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Community Services

We believe in endless possibilities.

Our Community Services are designed to reach people who are Deaf, hard of hearing, non-verbal or deafblind with customized support services.  Partnerships with families, other community agencies and long term care centers can benefit from our expertise in support services, program planning, training, and mentorship.

Partnerships

Offers specialized expertise and services to individuals with deafblindness through their supporting agency. Every partnership is uniquely designed to ensure the needs of each individual are met in collaboration with the supporting organization.

Partnerships begin with an assessment of the needs of the individual your agency is supporting. Followed by discussion on how Intervenor Services can benefit the individual and augment the services you already provide. A custom program is developed for the person you support, which includes specialized training for your staff and ongoing mentorship and coaching.

Partnering agencies engage in interactive, customized training that focuses on the communication needs of the individual they support. Mentorship is a cornerstone of Partnerships. After the training is complete, the Community Services Team continues to follow-up and provide guidance to the support team sharing advice, knowledge and experience, to ensure the on-going success of the individual’s program.

Partners will also benefit from access to specialized resources on sensory loss, including the DeafBlind Virtual Resource Centre and other community organizations to widen their networks.

Funding support for this program may be available through the Ministry of Children, Community and Social Services. To inquire about Partnerships, please visit us at www.deafblindontario.com or contact our Director of Community Services by email at [email protected] or by phone at 1-855-340-3267 ext. 273.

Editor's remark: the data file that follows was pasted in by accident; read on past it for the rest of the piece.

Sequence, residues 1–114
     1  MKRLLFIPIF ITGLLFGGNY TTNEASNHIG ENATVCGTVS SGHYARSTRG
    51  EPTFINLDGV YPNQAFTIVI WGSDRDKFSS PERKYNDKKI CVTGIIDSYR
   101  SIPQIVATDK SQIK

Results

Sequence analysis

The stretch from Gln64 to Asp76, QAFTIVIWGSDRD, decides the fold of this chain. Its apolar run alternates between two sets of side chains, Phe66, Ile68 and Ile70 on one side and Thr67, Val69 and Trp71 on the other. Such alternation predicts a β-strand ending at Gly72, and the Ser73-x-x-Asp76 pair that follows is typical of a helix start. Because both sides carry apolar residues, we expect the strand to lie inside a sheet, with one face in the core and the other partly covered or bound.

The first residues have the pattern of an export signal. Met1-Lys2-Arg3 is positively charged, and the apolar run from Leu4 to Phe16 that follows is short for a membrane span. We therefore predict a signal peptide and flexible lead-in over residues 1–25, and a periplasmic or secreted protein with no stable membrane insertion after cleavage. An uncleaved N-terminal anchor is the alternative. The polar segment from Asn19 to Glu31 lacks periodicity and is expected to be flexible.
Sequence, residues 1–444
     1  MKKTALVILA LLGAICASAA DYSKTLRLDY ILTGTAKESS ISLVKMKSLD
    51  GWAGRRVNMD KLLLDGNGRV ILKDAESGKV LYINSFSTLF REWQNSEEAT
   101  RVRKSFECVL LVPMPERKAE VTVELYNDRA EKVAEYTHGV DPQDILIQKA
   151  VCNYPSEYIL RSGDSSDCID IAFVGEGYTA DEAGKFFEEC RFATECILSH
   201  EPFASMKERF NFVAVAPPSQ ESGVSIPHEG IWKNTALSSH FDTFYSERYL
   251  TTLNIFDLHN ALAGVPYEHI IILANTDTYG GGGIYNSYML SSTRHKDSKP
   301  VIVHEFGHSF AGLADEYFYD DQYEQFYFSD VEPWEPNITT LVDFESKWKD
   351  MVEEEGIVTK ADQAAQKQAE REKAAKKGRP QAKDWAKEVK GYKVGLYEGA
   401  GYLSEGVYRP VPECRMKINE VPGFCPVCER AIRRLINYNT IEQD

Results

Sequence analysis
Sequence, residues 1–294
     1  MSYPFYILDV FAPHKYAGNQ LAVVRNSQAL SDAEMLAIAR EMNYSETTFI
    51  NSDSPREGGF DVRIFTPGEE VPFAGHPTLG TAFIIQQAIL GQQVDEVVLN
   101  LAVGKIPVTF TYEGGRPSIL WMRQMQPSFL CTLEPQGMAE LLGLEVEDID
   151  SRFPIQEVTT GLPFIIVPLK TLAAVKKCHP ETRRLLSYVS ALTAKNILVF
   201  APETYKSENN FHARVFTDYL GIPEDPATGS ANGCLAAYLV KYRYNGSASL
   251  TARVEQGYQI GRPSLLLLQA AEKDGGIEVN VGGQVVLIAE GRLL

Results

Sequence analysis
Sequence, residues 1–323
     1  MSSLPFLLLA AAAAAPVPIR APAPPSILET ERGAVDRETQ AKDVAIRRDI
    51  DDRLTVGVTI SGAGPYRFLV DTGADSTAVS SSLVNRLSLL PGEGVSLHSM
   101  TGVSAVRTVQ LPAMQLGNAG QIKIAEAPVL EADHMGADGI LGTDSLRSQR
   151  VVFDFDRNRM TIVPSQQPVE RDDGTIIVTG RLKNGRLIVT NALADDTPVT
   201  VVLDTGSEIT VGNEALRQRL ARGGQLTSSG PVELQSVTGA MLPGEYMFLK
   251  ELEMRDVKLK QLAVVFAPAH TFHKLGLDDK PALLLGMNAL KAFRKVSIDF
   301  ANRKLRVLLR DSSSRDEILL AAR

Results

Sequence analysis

Tremplin

“Tremplin” is the French word for “springboard” or “stepping stones”. This model of service delivery was originally designed for the needs of Centre Jules-Léger Consortium graduates and the desires of their families. This program is offered in both English and French.

Tremplin is a blend of our residential and community services programs, focusing on community involvement during the day while allowing for each participant to return to their family home on a nightly basis. This program also provides the family with predetermined respite support throughout the year. Tremplin is ideal for individuals whose families prefer for their loved ones to retain the stability of remaining at home, while being able to thrive in a community program during the day, allowing them to exercise their independence.

Read Maryse’s success story here.

Supported Independent Living (SIL)

Developed for those individuals who are Deaf, hard of hearing, non-verbal or deafblind and able to live semi-independently in the community with minimal support.

Individuals supported through Supported Independent Living (SIL) book support staff for assistance with things like attending or setting up medical or dental appointments, community programs, work/volunteer placements and more.  Support is also available with setting up technology devices (Computers, Skype, lighting systems, bed shakers, etc.) to meet their accessibility needs.

Long Term Care

Provides communication support services to persons who are Deaf, hard of hearing, non-verbal or deafblind living in Long Term Care or other health care settings, to ensure people continue to have access to supports in their language or preferred mode of communication.

o	A man with deafblindness sits in his wheelchair, communicating through touch with his intervenor who is mostly not captured in this picture.
Two women stand across from one another, acting out a simulation exercise. One woman wears simulation goggles as they communicate with hand-over-hand sign language.
A woman with deafblindness sits at a kitchen table. She holds a pink book very close to her eye so that she can read it.
Intervenor stands behind a woman with deafblindness. The intervenor holds the woman’s hands, supporting her in playing the xylophone.
This image is captured through the perspective of a turquoise tunnel. An intervenor guides a man with deafblindness as they walk on a sandy beach.
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